30 June 2016

The Devil's Advocate's Rebellion

K was on his way to the conference room.

The C.F.O. had organized the meeting and had sent an invitation to about two dozen managers across the company. When K entered the room only the C.F.O. was there. K greeted him politely and took his usual seat near the far end of the conference table. K liked the C.F.O.; he didn't like meetings.

Slowly other managers trickled in: the Director of H.R., the Director of International Sales. The C.I.O., the C.D.O., the V.P. Marketing. The directors of sales North, South, East, and West, the assistant directors. K didn't pay much attention; he had brought his laptop to do some work. Only when the C.E.O. entered did K notice a momentary hush.

"Thank you all for coming," the C.F.O. said. "The title of today's webinar is Managing Resistance to Change."

The lights dimmed, the projector lit up, and the enthusiastic voice of the presenter came on. He is a somebody who does something somewhere in the mid-West. He is spouting the usual stuff, stuff that anybody would come up with within an hour of sitting back.

K starts looking around: What are other people thinking? Why is everybody taking notes? Shouldn't we all know this already? Doesn't the Manager of Budgeting have a Master's in Change Management? Shouldn't she be giving this presentation?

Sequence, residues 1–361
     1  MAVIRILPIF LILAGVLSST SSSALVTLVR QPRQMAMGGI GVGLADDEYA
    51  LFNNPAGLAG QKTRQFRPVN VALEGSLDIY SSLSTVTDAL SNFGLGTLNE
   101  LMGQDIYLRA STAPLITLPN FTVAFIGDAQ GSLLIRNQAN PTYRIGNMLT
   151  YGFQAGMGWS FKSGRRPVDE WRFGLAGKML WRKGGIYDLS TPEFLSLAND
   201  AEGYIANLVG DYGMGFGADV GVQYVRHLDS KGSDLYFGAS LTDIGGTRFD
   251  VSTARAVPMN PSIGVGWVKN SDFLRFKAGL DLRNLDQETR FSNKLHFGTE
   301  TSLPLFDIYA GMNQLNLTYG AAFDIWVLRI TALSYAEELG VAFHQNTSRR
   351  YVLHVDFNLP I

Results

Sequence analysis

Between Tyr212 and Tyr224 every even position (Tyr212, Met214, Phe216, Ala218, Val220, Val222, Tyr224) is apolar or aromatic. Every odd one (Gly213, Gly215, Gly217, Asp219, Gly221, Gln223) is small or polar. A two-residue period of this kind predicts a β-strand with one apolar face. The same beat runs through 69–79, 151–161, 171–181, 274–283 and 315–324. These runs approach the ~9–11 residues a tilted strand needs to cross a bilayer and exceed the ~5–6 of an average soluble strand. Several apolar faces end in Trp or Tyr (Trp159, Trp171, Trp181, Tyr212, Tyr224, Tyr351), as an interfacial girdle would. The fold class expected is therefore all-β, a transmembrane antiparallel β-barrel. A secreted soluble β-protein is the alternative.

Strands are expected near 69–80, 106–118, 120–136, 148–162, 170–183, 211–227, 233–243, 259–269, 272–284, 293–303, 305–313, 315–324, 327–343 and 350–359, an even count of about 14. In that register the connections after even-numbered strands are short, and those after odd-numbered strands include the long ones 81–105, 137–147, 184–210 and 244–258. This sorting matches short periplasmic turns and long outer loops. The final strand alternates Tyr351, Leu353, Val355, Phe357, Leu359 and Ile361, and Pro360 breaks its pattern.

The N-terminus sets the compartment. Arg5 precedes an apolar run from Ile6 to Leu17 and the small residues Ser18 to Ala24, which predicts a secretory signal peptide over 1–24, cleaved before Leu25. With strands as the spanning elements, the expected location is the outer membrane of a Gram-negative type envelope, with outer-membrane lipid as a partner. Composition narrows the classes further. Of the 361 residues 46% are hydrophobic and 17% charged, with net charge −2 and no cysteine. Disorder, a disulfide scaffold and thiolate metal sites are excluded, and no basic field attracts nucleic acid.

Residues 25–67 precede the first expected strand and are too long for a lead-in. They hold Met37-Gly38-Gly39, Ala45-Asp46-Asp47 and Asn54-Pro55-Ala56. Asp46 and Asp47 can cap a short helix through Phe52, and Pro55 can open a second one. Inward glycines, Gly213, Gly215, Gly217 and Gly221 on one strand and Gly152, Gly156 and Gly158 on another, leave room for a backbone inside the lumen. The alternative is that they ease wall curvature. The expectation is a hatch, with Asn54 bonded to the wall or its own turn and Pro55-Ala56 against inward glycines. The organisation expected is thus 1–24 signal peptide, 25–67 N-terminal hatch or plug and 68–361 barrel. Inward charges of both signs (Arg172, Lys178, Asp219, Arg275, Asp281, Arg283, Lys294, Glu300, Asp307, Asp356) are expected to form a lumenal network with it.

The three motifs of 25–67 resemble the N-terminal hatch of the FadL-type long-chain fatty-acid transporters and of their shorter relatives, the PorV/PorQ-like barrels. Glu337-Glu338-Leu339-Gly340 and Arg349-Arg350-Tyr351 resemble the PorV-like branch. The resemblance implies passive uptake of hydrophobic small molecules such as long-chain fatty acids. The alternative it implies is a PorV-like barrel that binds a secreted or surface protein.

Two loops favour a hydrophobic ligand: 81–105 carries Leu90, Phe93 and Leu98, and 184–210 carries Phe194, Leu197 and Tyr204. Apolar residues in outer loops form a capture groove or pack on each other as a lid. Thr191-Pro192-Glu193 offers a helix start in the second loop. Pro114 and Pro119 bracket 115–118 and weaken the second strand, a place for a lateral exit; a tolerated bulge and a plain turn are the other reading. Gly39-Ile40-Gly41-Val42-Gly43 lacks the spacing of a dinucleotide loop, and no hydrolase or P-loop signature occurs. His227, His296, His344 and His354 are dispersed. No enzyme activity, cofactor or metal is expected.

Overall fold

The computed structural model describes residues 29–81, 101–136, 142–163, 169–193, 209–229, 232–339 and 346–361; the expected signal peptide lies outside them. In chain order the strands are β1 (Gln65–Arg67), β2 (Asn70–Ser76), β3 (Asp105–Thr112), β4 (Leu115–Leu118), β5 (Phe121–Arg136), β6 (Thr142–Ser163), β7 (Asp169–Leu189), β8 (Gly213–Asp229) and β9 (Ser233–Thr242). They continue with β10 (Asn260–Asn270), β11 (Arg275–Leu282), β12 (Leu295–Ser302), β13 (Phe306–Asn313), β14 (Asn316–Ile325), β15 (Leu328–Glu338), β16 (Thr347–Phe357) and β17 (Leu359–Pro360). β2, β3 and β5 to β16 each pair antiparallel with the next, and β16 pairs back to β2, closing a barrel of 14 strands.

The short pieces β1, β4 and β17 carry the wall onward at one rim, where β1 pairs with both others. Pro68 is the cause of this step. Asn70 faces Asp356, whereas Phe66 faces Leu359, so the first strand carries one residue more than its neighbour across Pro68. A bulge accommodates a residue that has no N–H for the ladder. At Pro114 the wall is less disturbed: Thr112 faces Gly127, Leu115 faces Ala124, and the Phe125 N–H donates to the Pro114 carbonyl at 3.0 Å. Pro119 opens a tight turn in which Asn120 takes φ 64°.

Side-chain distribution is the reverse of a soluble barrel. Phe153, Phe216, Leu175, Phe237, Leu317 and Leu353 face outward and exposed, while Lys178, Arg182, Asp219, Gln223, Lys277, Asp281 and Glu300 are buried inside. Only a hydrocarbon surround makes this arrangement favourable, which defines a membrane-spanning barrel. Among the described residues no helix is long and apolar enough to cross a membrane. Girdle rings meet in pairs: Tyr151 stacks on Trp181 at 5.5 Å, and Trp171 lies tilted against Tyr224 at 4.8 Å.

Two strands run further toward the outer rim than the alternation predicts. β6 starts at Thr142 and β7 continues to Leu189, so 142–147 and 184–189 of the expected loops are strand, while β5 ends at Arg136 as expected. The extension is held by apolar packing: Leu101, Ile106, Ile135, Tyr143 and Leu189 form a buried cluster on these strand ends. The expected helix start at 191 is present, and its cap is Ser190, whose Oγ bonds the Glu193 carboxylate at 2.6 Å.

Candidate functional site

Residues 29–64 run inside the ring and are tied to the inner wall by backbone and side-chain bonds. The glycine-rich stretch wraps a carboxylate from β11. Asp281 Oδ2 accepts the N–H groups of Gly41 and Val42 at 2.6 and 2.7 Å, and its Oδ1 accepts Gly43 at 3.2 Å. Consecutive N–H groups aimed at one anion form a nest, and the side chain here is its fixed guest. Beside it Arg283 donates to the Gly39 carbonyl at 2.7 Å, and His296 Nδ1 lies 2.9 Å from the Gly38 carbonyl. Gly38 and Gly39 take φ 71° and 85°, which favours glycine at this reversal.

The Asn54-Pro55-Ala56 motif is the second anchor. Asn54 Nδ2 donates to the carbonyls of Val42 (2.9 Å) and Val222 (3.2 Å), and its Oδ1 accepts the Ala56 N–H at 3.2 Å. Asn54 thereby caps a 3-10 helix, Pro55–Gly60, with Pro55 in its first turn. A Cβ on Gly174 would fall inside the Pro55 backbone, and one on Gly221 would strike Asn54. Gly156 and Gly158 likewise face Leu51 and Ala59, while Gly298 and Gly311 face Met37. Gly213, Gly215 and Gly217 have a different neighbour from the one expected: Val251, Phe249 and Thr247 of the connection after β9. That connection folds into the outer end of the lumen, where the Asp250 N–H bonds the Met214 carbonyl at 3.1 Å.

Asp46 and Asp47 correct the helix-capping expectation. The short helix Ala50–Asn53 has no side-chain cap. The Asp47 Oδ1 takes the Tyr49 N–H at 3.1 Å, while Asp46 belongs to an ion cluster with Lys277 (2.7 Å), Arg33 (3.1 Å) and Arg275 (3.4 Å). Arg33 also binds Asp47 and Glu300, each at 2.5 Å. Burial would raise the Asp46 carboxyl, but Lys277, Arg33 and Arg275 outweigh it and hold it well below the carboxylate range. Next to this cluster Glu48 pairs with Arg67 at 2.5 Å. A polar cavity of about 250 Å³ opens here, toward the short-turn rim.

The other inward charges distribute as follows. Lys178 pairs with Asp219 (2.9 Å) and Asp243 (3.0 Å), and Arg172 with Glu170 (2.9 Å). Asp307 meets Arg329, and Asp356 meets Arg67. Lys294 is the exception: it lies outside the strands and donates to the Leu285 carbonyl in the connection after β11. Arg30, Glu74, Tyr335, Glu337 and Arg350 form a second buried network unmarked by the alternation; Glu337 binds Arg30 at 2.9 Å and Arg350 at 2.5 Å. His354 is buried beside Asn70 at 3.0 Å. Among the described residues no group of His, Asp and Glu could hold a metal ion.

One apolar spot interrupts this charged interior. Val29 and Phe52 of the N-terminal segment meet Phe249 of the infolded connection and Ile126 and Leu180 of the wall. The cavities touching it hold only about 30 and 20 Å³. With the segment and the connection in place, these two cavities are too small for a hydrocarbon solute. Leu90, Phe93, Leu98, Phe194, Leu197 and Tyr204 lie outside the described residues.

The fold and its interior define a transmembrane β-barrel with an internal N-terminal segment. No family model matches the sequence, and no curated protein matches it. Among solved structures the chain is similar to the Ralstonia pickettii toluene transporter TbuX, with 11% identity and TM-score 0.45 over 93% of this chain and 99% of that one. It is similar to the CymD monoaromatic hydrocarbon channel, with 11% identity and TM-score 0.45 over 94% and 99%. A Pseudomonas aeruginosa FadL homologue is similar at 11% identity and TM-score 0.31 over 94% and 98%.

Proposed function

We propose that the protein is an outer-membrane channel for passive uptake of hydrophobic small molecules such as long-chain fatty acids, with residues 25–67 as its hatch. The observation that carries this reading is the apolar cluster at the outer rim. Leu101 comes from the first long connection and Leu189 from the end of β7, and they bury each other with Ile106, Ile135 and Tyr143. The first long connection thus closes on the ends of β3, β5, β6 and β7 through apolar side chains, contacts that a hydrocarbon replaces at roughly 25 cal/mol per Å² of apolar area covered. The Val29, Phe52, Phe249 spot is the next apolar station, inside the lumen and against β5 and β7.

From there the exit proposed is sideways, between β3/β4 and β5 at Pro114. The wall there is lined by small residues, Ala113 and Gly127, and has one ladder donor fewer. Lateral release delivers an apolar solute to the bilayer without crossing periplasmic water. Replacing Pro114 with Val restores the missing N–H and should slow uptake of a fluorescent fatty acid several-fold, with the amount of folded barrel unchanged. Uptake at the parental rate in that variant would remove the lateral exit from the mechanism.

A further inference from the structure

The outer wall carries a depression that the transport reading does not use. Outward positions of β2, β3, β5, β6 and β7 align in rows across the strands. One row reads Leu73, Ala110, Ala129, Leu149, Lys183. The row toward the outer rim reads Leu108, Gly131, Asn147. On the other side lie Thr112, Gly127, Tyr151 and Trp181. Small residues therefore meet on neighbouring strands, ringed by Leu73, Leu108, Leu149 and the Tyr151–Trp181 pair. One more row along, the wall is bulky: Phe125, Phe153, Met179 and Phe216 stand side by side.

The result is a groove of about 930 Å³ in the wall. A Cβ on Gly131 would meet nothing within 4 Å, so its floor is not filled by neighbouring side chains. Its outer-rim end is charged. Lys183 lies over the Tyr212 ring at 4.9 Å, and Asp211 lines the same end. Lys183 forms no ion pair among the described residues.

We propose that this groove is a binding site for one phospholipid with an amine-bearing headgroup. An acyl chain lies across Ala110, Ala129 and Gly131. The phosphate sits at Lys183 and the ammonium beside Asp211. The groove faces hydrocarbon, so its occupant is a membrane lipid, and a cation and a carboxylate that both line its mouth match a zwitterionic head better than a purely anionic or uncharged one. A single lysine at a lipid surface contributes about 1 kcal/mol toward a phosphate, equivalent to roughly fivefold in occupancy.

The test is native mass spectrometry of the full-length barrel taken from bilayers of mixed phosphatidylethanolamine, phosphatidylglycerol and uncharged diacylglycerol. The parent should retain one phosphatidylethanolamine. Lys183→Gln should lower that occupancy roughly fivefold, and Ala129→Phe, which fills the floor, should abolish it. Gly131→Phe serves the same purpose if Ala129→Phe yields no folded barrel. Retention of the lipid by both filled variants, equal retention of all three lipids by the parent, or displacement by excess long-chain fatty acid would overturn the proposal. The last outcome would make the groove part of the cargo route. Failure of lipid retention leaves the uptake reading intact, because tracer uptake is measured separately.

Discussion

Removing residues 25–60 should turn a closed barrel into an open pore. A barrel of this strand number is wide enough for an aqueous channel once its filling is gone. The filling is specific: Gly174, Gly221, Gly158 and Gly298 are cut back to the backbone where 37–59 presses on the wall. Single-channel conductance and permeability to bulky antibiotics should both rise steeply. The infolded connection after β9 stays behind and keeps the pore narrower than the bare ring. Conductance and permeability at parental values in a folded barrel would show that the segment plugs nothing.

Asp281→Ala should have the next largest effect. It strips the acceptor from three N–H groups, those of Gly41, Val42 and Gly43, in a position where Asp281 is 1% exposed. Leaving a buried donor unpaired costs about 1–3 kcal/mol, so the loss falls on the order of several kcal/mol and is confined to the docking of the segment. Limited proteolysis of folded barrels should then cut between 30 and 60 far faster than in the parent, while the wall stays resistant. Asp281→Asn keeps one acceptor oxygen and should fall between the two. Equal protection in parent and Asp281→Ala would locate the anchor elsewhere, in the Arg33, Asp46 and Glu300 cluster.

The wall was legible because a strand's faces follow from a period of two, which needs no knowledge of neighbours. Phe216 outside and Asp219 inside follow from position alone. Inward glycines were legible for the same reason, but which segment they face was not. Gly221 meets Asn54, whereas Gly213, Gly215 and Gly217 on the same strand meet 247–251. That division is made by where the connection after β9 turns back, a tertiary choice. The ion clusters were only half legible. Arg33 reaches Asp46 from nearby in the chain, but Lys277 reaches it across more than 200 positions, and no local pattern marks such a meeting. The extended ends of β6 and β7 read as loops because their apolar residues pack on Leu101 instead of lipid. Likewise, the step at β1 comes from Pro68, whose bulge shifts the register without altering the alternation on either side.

A slide comes up: "Why do you think employees resist change?"

"Fear." "They feel inadequate." "They just don't want to change." "Fear."

K wonders: But do they really? Do employees really resist change, or is it just a convenient excuse. It implies that everything would be honky dory if it just weren't for those pesky employees. And if they indeed resist change, what changes do they resist? And do they resist change more than managers do? And there is change to the worse, you know.

Berthold Brecht once observed that advocates of progress often have too low an opinion of what already exists.

Another slide: "What is the change strategy most often used in your organization? Four options: Collaborative, informational, attitudinal, political"

It takes fifteen seconds of groupthink to settle on the proper adjective.

K straightens up in his chair. Collaborative? But how do the employees perceive the situation? Would they call it collaborative? Or would they call it political? Or worse, autocratic? How can senior managers be so uncritical of their own perceptions and judgements? Cognitive illusions can be a costly fault in the best of times. And these are not the best of times.

K's eyes are met by a smile from the C.D.O. across the table. K raises his eyebrows. Is the C.D.O. going to say something? But the data man doesn't, he never does, just looks away in embarrassment.

K wonders: Should I speak up? In fact, isn't it my duty to speak up, especially when nobody else does?

But why would he? It wasn't even his job. He was the lowest paid manager in the room. And the company has never rewarded a dissenter; quite the opposite. Besides, K has tried in the past, not once but often. And it was as if he had never spoken.

K raises his arm, waits for the chair to notice. Only slowly the room falls silent. K takes a deep breath. He opens his mouth. He is about to speak. But then he remembers, remembers a sentence he once read: Now the Sirens have a still more fatal weapon than their song, namely their silence.

They might have likely escaped from K's words; but from his silence, never.

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